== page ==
Go to contents

Hwang Jini

Posted August. 06, 2004 22:13,   


Two volumes, 274 and 282 pages, 9,000 won, Written by Jeon Gyeong-rin

“I thought I could see Hwang Jini in a new perspective as a woman.”

This is an unexpected answer I received from Jeon on my question, “Why did you write about the old fashioned Hwang Jini story in modern days?” For Jeon Gyeong-rin (42), it has been 10 years since her first debut as a novelist. This novel has the genuine Hwang Jini being formulated and touched by a female writer for the first time, believe it or not.

“While looking at old documentary records relevant to Hwang Jini, I felt that many parts are distorted by a male perspective and description. In some ways, they seemed to have malicious intents.”

Why did “they” resist Hwang Jini’s temptations and identify themselves as men of fidelity? Is the proscription against temptation and love oppressive?

So, Jeon changed the novel’s plot. Hwang Jini does not tempt classical scholars who enjoy intellectual pleasure. In the novel, those classical scholars pursue higher positions called “self-development” and finally ruin their lives. The Byeok Gye-su anecdote does not appear (in which a novel man who self-confidently declared that he would never be seduced by Hwang Jini’s temptation, but who ultimately became a slave to Hwang’s love).

Is this due to the changes by Jeon? Contrary to the previous texts on Hwang Jini that showed her arousing and aggressive actions, the novel by Jeon Kyeong-rin does not write about Hwang’s arousal choices. Her unique temperament, which makes people feel bashful and miserable by the hiding of her haughty attitude, is preserved; however, her choices are so genuine and giving, so that you easily empathize them earnestly and sorrowfully. The author does not put down the reason of her sadness on a personal level. It was the gigantic oppressive structure of the Chosun dynasty that made her grieve.

“During the Chosun dynasty, the lives of women were trapped as the discrimination between legitimate children and illegitimate children occurred, and with the Keonggukdaejeon (經國大典.the first code in Chosun dinasty), completed by King Seong-jong. Once the society started to conform people to the frame of authority, does it ignore the happiness and rights of the minority such as women? Originally, every fundamentalism commits this fault.”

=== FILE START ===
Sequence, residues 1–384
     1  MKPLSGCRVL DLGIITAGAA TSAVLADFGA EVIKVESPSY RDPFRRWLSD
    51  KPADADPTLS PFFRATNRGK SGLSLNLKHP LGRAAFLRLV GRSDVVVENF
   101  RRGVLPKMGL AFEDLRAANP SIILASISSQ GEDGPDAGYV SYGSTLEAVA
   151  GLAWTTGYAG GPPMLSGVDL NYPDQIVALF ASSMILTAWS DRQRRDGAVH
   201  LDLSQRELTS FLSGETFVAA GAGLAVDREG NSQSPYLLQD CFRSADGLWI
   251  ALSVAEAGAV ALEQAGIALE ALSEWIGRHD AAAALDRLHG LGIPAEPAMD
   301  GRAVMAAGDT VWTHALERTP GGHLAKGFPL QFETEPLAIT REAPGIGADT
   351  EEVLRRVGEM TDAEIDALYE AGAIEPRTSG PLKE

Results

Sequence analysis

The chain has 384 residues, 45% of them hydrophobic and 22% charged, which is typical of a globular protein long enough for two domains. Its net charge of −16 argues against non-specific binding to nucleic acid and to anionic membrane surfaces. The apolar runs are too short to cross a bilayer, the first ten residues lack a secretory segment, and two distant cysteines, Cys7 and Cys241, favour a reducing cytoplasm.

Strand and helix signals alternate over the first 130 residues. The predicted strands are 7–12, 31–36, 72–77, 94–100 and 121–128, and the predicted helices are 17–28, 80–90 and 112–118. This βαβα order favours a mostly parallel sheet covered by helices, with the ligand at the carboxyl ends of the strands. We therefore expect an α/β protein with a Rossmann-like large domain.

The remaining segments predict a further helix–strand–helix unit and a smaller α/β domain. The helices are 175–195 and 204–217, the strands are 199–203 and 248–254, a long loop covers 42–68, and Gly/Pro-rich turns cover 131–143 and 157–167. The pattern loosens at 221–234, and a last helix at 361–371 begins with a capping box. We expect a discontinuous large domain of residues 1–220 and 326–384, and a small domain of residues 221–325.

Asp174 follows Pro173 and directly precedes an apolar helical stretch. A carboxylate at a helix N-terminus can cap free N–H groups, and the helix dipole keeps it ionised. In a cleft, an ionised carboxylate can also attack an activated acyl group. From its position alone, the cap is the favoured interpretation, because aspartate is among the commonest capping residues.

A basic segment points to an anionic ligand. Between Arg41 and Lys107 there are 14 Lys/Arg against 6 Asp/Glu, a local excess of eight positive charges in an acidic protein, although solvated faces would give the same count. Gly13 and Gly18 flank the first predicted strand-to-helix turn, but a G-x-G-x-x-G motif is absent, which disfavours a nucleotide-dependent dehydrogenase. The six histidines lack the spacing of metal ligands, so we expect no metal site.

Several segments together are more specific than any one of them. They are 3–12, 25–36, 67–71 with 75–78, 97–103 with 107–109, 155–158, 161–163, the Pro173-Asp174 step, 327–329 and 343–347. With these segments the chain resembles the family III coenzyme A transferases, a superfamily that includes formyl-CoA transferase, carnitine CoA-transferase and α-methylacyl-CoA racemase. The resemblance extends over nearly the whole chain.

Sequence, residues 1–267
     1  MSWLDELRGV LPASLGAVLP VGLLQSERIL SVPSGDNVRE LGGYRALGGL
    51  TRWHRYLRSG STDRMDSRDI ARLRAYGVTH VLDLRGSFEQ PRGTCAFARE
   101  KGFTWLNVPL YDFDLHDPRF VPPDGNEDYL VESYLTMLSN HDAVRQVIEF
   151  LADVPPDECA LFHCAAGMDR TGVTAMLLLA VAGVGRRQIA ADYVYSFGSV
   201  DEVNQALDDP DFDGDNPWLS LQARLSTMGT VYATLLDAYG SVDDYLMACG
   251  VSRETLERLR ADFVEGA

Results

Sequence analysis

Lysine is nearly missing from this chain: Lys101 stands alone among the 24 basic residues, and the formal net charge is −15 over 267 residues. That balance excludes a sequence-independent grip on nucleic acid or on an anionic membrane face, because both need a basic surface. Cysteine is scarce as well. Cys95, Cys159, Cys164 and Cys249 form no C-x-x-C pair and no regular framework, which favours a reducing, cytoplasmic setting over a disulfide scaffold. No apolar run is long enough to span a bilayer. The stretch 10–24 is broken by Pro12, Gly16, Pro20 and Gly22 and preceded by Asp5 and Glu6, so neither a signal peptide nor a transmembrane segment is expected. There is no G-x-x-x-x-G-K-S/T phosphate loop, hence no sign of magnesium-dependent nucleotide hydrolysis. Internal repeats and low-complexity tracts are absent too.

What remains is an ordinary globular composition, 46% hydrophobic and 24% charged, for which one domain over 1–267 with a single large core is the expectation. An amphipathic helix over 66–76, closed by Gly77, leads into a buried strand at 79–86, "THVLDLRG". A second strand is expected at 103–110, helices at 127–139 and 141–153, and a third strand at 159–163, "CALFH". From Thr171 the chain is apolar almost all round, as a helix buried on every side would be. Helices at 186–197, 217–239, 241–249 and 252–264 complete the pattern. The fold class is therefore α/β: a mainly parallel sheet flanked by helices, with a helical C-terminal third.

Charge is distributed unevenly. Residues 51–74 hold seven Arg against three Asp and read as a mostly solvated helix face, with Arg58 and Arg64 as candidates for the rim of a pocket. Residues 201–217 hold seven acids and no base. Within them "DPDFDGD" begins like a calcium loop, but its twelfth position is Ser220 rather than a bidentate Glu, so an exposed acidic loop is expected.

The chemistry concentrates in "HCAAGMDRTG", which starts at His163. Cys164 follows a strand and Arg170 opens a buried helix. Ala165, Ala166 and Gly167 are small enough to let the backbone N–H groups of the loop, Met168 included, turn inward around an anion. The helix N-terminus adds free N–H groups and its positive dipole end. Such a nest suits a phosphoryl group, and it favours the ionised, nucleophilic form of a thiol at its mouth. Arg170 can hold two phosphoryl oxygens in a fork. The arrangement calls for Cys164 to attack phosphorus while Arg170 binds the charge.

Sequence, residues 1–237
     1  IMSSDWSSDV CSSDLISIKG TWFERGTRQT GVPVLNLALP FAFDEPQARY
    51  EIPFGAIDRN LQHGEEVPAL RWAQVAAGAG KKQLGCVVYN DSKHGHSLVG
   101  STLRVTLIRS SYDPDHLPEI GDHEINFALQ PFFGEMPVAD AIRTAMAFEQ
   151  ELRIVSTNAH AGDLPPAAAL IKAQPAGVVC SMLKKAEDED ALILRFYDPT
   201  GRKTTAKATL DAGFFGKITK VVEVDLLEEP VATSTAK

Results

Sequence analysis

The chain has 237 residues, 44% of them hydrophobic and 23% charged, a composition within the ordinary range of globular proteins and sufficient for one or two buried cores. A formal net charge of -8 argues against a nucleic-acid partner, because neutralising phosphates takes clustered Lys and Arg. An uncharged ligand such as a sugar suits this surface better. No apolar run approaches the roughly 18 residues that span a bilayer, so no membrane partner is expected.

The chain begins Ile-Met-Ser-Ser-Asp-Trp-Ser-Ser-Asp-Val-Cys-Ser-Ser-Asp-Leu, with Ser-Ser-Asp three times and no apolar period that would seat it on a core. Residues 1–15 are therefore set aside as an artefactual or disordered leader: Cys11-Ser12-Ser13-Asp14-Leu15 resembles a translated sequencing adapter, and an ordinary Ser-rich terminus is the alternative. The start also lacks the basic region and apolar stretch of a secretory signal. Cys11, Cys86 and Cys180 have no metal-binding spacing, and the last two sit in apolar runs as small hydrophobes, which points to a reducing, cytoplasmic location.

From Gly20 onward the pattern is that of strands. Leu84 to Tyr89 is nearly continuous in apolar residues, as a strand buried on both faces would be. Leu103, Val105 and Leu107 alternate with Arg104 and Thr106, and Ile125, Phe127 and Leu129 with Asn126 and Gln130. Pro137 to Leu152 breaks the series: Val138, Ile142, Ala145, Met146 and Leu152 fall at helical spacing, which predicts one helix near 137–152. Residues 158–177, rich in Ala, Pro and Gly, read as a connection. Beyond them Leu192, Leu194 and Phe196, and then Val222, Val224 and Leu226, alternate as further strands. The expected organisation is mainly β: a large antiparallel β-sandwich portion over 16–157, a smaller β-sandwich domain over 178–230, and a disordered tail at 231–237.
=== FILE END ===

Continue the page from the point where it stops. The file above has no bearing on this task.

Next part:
The author intentionally crashes little Hwang Jini’s life out of the blue to emphasize the sorrow. In the most previous text, Hwang Jini determines her way when the funeral bier of a man who died of lovesickness stops in front of her house. On the contrary, Jeon created her Hwang Jini reborn as “Myongwol” after discovering her birth secret that she is the daughter of “a blind geisha” and stuck in a caste even though she grew up as a literary woman in a novel family.

It catches attention that the love partner in this new “Hwang Jini” is “Lee Sa-jong.” He cohabited with her for six years based on their contract. Some people can interpret him as an unreliable man. So the author set their first meeting at their young ages.

First, the author sets the hopeless love between Hwang Jini and Lee Sa-jong, who is pessimistic about the society discriminating between legitimate children and illegitimate children, and then puts him standing in front of her after making himself visible using the power of love. However, this emergent love cannot be something beyond “contract.” It was a natural combination to have a successful man with a lawful wife, family, system, and ideology in the Chosun Dynasty.

“Compared to the long human revolutionary history, women in the 1500s and today do not show many differences.”

Jeon emphasized, “The most important thing in the human world is the confidence accomplishing love”; this is her philosophy and Hwang Jini would not deny this, according to her.

“Something that I share with Hwang Jini? We are trusting people who live the present life facing struggles, and we do not acknowledge the established system and power. Differences? Maybe, the fact that I am not as attractive as her.”

Yoon-Jong Yoo gustav@donga.com